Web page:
Web Informant #383, 23 August 2004: More on self-publishing

 

http://strom.com/awards/383.html

 

My comments on blogging last week have prompted Deb Radcliff to write the following. I thought it was worth sharing. Deb (www.deb.radcliff.com) is president of the Freelance Business and Technology Writer's Association (www.fbtw.org). Since 1994, she's specialized in computer crime and security. Lately, she's been spending much of her time trying to educate the non-technical masses about online safety. Take it away, Deb.

 

While addressing a room full of computer science faculty last spring at the West Point Military Academy, I was surprised at the veracity of their questions targeted at the media. They asked tough, stimulating questions such as, "Why would any reporter want to go to a battleground to cover a war when it's so dangerous?"

 

"That's simple," I replied. "We want the front page stories."

 

They tried like crazy to get my dander up, and finally, one of them did. "Why does anyone want to read traditional press anymore when self-publishing is so easy on the Web?" That got me thinking. And my answer to him is the same response I felt when reading Strom's Web Informant #382.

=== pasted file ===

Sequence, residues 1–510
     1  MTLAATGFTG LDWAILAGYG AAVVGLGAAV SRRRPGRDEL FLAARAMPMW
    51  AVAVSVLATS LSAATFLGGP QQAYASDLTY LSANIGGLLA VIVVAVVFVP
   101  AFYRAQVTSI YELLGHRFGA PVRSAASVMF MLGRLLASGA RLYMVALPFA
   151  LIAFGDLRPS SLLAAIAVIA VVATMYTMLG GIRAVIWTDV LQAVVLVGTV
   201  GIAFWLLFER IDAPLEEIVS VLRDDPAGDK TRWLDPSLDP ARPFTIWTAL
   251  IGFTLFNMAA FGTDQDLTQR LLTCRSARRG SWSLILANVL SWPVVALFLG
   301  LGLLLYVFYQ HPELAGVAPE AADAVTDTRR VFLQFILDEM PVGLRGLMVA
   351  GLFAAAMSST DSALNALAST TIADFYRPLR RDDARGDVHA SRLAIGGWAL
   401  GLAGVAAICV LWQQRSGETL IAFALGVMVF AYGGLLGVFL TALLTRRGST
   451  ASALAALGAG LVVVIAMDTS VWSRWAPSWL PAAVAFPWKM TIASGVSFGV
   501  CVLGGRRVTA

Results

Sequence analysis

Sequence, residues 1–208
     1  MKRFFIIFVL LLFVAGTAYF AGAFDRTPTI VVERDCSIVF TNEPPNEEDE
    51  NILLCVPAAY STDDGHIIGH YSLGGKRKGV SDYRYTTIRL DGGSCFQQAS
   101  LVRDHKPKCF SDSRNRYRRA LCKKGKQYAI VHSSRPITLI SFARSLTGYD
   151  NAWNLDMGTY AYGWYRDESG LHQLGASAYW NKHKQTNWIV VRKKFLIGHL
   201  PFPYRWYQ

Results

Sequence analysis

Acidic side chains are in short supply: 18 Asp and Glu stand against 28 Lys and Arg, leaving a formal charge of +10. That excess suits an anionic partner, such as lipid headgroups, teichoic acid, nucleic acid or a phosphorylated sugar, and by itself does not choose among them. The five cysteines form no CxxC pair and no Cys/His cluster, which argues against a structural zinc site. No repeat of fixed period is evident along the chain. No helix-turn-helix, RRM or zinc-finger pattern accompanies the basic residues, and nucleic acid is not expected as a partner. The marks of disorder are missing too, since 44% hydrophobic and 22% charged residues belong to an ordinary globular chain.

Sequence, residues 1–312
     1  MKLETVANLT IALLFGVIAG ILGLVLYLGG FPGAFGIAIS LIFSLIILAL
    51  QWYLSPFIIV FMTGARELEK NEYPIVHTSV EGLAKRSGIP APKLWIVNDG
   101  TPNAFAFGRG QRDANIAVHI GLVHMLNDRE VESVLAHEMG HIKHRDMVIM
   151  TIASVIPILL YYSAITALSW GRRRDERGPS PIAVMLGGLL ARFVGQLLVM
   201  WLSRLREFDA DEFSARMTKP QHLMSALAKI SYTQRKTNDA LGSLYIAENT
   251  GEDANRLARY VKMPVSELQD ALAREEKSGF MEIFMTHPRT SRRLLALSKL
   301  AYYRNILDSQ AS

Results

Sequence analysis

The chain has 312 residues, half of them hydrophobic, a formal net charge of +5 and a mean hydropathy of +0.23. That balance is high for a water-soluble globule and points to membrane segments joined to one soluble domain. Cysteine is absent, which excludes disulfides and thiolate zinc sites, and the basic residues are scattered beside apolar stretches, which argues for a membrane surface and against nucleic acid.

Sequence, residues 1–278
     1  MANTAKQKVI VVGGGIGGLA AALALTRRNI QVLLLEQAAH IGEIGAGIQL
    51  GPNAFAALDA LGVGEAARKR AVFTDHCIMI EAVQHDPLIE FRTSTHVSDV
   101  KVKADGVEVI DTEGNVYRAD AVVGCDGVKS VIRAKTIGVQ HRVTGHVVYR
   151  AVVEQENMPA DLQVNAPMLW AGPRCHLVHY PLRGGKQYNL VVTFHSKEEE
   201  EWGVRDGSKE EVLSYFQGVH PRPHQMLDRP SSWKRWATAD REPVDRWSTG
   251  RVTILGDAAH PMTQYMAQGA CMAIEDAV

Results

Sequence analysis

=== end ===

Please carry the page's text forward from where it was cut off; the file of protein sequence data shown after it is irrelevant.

Traditional media offers protections to the readers you can't get with self-publishing. It also offers more protections to the writers.

 

For starters, traditional journalism has built in safety mechanisms to ensure quality of information to the reader is worthy of their trust. We have trained writers (which Strom discussed in his essay), fact checkers and trained editors who vet out the information. Publishers have had eons to work this stuff out. True, some of stories fall through the cracks, even at big publications like the New York Times. But for the most part, readers of traditional media can be assured that what they're reading has been researched and written with professional techniques applied.

 

The second issue that concerns me about self-publishing is liability. I took a semester-long course on media law and ethics when I was in college. I know the difference between defamation and libel, about reasonable expectations of privacy and how they don't apply the same way to public figures. I also know about protecting my sources, and cross-checking my information before it goes to press. And if all that fails, I've got the protection of my publisher should I ever face a legal challenge.

 

But what of the self-publisher? What happens when someone claims libel or defamation or invasion of privacy against an unrepresented, unprotected blogger type? And believe me, this will happen. When I wrote a story for Better Homes and Gardens about Internet manners for kids, I covered blogs extensively. Many teens and pre-teens use these things to ruin one another's reputations, to comment on the size of a girl's breasts and other things that, under today's laws, could rightfully be litigated against. I envision a huge can of worms opening up here.